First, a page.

Busy beevers â€” Crutch is working her day job: barista at the Muff-In Beever Café. Emmy, the manager (the Big Beever, if you will), hands a customer her latte. Crutch compliments Emmy on her awesome foam-making skills. Emmy rolls her eyes and walks away. Smooth.
A hot, dreadlocked UPS driver arrives with a delivery for a "Caroline Michaels." Crutch quickly whispers, "No. Hey, hey. Crutch," and points to herself. Whatever, dude. Just sign here.
Crutch tells the Big Beever that this here is the Indigo Girls’ Amy Ray’s guitar, thank you very much. Emmy says grumpily, "Did I give you a raise I don’t know about?" and tells Crutch to keep her damn eBay transactions at home. Emmy is thoroughly unimpressed and directs Crutch to go bus a table. Aw, don’t be that way. There’s nothing more disappointing than a grumpy Beever.
Crutch can’t hear her, anyway, because she’s praying to Saint Amy, the Patron Saint of Hopelessly Untalented Musicians.
They call her Flipper, Flipper â€¦ â€” Sam is sitting in what appears to be a sweet-ass, cherry red Karmann Ghia in front of a house. There’s a For Sale sign on the lawn. This could be The One.
Sam immediately calls Jen to report she’s found the perfect investment property. On the other end of the line, Jennifer is highlighting passages in her recent purchase, Selling Sex: A Case Study, such as Chapter 3, Cleavage: How Much and How Often, and Chapter 6, Flattering Camera Angles for the Buttocks.
Jen is skeptical, but Sam gives her the simple steps toward real estate domination: Put down a little, rent it out for a while, and then sell high. Coincidentally, that’s also exactly how you should pick girlfriends. But Jen is talking about money here.
Jen’s "Financial Shaft" Rule states that since lesbians can’t marry, share insurance or get tax bennies, it’s every girl’s duty to cover her own ass, so plan accordingly. For real, please do this one. You know how I hate to worry about your retirement.
Inside the house, Sam tries to make an offer, but a tall, dark-haired woman swoops in and offers ten grand over the asking price, adding that her financing is also preapproved. Oh, snap. Sam’s head whips around. She’d be livid except for the fact that her rival is smoking hot. Becca? Becca who?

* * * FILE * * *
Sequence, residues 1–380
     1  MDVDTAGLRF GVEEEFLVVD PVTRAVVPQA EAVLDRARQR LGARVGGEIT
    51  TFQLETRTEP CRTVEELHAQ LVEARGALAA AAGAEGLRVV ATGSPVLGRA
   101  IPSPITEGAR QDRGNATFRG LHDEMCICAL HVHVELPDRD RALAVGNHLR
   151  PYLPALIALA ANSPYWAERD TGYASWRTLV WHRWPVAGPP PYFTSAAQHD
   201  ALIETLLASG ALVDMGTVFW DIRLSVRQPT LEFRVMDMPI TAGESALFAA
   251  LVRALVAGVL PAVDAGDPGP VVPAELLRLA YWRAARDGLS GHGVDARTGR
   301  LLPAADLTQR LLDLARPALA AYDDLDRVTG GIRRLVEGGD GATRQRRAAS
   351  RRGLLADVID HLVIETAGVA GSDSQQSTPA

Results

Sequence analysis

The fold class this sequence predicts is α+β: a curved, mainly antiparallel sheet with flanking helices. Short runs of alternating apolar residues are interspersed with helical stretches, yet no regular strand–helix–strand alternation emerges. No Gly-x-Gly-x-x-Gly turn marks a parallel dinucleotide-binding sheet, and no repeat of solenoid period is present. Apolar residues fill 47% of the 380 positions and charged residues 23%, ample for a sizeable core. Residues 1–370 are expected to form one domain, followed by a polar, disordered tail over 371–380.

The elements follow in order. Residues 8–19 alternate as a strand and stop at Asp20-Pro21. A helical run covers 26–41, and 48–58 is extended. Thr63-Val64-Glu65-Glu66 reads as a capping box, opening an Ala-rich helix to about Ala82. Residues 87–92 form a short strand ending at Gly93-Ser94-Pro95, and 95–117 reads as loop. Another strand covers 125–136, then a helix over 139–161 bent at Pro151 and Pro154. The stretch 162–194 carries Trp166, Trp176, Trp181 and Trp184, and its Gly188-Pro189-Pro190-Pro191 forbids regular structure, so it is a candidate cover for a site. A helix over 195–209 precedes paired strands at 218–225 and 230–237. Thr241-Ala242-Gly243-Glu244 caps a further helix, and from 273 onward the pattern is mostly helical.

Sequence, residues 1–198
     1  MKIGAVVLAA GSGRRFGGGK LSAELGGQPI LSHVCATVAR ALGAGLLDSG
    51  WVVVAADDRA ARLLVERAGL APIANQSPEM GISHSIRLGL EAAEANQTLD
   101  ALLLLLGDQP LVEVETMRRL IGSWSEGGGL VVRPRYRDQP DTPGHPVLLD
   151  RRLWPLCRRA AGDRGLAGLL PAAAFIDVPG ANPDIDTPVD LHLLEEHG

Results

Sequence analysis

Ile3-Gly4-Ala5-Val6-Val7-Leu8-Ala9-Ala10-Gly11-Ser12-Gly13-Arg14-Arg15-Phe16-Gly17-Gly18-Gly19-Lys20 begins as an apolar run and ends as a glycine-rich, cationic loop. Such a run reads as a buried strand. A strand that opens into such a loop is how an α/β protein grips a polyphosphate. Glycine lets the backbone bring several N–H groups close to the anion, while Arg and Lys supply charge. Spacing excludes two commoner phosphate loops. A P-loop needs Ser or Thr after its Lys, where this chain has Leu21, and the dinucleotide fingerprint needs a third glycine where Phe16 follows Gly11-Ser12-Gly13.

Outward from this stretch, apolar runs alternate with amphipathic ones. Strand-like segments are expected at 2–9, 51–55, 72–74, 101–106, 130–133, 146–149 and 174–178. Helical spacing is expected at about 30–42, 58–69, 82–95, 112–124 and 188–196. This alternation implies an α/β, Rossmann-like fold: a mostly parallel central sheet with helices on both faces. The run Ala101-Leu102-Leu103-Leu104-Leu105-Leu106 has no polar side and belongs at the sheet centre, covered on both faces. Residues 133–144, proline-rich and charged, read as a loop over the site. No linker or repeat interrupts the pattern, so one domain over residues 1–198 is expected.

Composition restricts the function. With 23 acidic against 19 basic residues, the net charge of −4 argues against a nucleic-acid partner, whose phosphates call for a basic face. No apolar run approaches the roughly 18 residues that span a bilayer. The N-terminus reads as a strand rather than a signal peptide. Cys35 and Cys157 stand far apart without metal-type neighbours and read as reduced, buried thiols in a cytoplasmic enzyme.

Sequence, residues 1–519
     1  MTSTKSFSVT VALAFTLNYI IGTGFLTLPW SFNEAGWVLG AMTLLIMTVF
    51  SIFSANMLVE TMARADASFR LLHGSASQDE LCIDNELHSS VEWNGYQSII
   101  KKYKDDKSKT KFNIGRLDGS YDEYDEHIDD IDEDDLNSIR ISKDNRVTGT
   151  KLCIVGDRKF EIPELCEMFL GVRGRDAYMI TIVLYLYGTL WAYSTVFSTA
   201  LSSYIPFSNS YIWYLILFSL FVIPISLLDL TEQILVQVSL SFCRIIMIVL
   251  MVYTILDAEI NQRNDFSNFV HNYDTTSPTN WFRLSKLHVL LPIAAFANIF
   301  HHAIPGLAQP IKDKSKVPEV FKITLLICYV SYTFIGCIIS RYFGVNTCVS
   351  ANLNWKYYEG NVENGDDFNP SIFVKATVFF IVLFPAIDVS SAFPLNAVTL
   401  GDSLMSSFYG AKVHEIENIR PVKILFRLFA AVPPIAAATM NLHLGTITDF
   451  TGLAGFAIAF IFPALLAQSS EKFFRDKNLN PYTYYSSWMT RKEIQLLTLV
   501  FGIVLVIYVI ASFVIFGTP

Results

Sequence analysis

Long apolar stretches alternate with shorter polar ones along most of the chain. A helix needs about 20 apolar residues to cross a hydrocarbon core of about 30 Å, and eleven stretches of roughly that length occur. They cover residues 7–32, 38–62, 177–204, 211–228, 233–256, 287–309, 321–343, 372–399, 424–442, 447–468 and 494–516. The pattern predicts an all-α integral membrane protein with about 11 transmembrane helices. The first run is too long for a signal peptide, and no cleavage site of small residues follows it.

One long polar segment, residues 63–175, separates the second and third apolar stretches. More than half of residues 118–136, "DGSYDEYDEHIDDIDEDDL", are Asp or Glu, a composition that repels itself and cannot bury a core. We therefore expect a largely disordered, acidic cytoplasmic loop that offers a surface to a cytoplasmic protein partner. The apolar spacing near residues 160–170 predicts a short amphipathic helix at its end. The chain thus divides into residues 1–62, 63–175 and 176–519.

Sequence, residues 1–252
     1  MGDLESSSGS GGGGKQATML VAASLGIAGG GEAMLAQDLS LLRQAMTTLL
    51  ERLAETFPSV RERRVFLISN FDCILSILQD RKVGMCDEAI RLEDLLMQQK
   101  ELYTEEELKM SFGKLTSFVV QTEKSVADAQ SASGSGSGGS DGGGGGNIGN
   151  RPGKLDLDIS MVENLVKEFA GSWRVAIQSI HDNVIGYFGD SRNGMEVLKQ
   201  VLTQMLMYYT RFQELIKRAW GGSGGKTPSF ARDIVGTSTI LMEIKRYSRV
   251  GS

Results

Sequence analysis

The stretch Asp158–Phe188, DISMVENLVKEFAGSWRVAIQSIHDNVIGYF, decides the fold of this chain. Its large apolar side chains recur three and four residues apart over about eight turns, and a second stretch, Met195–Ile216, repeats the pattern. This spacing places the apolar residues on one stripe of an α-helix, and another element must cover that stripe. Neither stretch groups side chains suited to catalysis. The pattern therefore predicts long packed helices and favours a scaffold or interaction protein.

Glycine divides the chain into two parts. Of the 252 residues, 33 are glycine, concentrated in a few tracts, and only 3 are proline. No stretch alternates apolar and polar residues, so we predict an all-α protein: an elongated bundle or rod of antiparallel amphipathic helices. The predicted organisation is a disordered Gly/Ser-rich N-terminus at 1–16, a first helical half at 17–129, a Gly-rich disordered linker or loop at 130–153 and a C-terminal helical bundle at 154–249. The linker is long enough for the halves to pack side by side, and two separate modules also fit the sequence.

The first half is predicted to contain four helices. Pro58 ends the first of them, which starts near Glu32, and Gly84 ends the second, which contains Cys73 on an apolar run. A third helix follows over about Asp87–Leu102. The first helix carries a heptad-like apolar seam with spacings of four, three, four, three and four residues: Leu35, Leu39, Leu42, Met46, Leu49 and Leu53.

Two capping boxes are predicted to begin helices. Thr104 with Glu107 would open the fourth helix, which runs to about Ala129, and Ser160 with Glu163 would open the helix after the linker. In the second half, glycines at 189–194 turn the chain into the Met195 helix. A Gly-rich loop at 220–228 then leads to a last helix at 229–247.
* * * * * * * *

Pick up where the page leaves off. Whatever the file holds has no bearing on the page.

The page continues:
Hot wings â€” For their date, Kate takes Jennifer to a Hooters-type joint for dinner. She says it will help Jen with her research, but I think she just likes this place. A waitress with huge gazongas in a skin-tight, low-cut shirt walks by, prompting Jen to wonder if the staff feels exploited and why does she suddenly crave melon?
Kate calls Double D to their table and prods Jennifer to do some interviewing.
Jen: How do you feel about working here?
Double D: I love it. Best job I ever had. The money’s fantastic, and the customers are polite.
Jen: Polite? Every guy in here is undressing you with his eyes.
Double D: [snorts knowingly] Why do you think they tip so well? What do I care what they do with their eyes?
Jen: So it’s not exploitation?
Double D: Sure it is. I exploit every guy that comes in here. Plus, I’m pre-med and the schedule’s flexible.
All I heard was "flexible."
Pre-med? Really? I thought strippers were pre-med and Hooters girls were pre-law. My mistake.
Kate comments that a flexible schedule is a "Godsend for single mothers," and maybe that’s just the ticket for herself. Uh, what? Jen doesn’t have a rule for this sitch because her brain is kakking on the words "single mother."
Here’s a rule: The First Date Full Disclosure Rule states that you should tell your date up front if you have a kid, you’re not quite single yet, or you’ve been between jobs for more than eight months. Your date has a right to make informed decisions about her next move. There is no good way, however, to reveal you have three different anti-psychotic prescriptions. You should probably keep that to yourself.